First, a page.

Get Rid of Tinnitus and TMJ: Your Body Believes Every Word You Say

For all of you with intractable problems like tinnitus (ringing in your ears) or TMJ (your jaw joint pops and gets stuck) I recommend reading Barbara Levine’s Your Body Believes Every Work You Say: The Language of the Body/Mind Connection.

Ms Levine has done a lot of research with a variety of doctors.

. . . Bob [Bob’s jaw locked up] told me that he frequently had the thought, “I gotta stop talking.” To those people suffering from TMJ—temporomandibular joint dysfunction of the jaw—have you ever berated yourself for talking or eating too much? Have you ever wished you had “kept you big mouth shut?”

The body does not distinguish between our figurative and our literal language; instead it seems to mirror that which we think or speak. page 81

Tinnitus sufferers: Do you wish someone would shut up because you don’t want to hear them? You don’t want to do what they’re telling you to do?

I’ve never made that connection for myself, but I can imagine I would if, say, my mother or my boss were yelling at me all the time!

Why We Have TMJ (jaw joint) Disorder: A Darwinian View

Why do people have TMJ disorder? In Why We Get Sick, the New Science of Darwinian Medicine, Authors Randolph Nesse and George Williams explain.

Cave people had to eat all kinds of tough stuff and spent a good part of the day chewing. The foods that were available during most of human history are not the soft fruits and vegetables, meats and breads we have today. Everything was wild until the dawn of agriculture—not long ago in the grand scheme of things—and even then, food was rough by today’s standards. The human body has not had a chance to evolve.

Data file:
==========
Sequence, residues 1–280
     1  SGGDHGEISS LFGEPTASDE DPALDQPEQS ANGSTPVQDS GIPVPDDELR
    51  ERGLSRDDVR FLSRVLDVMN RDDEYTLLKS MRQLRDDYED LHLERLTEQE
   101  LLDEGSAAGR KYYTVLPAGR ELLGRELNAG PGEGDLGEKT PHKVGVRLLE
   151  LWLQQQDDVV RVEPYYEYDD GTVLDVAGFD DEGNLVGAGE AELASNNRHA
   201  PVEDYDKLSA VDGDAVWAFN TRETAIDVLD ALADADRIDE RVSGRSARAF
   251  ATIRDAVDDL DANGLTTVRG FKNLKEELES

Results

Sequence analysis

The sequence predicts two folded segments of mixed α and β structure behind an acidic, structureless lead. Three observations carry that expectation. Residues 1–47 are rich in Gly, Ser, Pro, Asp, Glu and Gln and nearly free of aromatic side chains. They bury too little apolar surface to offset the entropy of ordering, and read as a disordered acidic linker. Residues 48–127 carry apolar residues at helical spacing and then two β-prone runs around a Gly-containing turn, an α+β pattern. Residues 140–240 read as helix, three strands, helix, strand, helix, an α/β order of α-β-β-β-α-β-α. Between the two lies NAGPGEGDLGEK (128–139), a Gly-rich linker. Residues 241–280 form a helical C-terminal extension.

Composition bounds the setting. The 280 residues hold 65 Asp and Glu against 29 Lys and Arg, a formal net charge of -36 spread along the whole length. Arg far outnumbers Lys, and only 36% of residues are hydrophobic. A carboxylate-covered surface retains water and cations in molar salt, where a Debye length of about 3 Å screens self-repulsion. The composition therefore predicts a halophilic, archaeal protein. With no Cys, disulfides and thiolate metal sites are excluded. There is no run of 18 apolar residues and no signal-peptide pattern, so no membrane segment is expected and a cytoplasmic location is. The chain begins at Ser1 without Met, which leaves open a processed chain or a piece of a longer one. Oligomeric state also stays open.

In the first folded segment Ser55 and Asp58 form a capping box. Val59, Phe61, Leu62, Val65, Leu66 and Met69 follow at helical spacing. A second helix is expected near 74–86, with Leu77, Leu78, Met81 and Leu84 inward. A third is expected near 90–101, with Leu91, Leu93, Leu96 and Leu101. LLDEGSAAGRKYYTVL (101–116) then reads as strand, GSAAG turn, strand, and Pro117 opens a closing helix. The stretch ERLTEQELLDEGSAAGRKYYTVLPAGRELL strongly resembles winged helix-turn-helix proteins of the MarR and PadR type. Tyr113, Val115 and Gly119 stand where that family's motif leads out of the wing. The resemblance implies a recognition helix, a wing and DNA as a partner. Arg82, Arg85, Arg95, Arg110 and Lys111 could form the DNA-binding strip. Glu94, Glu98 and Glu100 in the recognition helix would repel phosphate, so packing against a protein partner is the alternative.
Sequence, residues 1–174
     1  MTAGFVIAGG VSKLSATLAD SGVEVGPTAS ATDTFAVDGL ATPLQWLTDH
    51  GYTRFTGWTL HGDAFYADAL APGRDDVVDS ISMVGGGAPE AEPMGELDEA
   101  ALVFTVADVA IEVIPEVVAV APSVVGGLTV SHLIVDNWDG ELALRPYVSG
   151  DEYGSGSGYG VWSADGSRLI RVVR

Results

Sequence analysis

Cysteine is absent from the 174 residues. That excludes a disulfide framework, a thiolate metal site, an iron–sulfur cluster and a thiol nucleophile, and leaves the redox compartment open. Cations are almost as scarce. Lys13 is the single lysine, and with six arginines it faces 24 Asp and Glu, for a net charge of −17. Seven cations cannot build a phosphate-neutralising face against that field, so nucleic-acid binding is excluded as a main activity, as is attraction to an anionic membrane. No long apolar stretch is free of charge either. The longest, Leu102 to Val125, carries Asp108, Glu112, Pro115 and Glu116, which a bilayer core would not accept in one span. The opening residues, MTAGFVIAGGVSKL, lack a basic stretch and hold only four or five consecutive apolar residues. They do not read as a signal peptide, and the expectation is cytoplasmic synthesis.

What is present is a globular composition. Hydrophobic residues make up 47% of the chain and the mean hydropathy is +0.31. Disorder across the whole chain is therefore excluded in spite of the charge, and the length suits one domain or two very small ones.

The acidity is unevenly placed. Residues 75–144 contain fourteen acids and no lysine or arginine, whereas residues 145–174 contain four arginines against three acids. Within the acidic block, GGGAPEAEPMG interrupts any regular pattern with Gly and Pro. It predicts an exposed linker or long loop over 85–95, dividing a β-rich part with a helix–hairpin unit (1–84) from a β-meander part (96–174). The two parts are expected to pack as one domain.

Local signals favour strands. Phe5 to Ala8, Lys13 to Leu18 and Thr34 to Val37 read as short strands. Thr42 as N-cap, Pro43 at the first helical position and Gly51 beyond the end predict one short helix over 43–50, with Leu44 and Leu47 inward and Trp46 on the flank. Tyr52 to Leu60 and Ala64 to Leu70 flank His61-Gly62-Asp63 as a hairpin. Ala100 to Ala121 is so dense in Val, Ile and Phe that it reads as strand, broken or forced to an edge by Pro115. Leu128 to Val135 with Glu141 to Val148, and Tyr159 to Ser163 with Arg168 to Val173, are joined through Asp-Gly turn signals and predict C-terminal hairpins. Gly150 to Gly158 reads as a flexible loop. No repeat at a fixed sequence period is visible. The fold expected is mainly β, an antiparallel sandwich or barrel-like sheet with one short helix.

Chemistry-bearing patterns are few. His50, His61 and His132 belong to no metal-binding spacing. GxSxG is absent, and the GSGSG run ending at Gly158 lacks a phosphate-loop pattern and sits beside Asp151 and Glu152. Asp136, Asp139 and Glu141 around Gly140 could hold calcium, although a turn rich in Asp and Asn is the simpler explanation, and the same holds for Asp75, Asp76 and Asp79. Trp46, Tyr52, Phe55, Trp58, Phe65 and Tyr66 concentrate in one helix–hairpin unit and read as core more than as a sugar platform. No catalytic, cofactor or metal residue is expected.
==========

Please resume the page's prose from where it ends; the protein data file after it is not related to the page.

People raised on fish sticks and boiled broccoli do not develop the jaw muscles of our ancestors whose chew-chew-chewing of real food from an early age helped the teeth align themselves for an effective bite.

This so explains why I get relief from my TMJ when I chew on the chew pad that my dentist provided me. He said it was to strengthen my jaw muscles, but it also seems to align my teeth. It doesn’t take much, just 30 seconds a few times a day.

The key to the chew pad is that it is horseshoe shaped—both sides of the jaw are working equally. Chewing gum makes things worse, and, I speculate, may be part of our problem.

Avoid Tinnitus: Measure Your iPod Volume for Safe Listening

measuring iPod volumeAvoid tinnitus: Measure your iPod volume so the music rings, not your ears.

Here’s Tabitha, measuring the volume in my iPod. Notice the volume is below 80 decibels. That’s where you’re aiming. 85 decibels is the level at which our Occupational Safety and Health Administration starts to regulate. Don’t go there.

Click on Tabitha’s photo for a close up of the metering device. Use your browser’s Back Button to return to the tinnitus-free website.

You Tubers: Two Things Toward Curing your Tinnitus

Hey, You Tube Viewers of my video!

Here are two things for you to do toward curing your tinnitus.

1) Give your ears a rest. If you broke your arm, you’d let it heal resting in a sling, wouldn’t you? If your ears are ringing, they need to heal, so give them a rest.

a) Put away your iPod for at least three days. (Listen to the birds. They make lovely music.)

b) Get some earplugs. (You should be able to find them at the hardware store or at the drugstore.) Use them if you’re going to be around excess noise, like you have to mow the law or go to a party or a club.

c) Turn away or plug your ears with your fingers if you’re confronted with sudden noises like lockers slamming or people yelling, including your mother. (Mom, please, you’re plenty loud enough!)

2) Living on Doritos and Big Macs? You need some vitamins. Your ears are delicate instruments and they need micro-nutrients.

a) Get a multi-vitamin that includes zinc and B12. (This is easy; most of them do.)

b) Add raw vegetables and fruit to your diet. Trail mix and apples are a start. Vegetables are best. (Vitamin pills do not contain all your necessary micro-nutrients.)

The Weird Lady

Tinnitus-Inducing Sound Levels at Hip Hop Class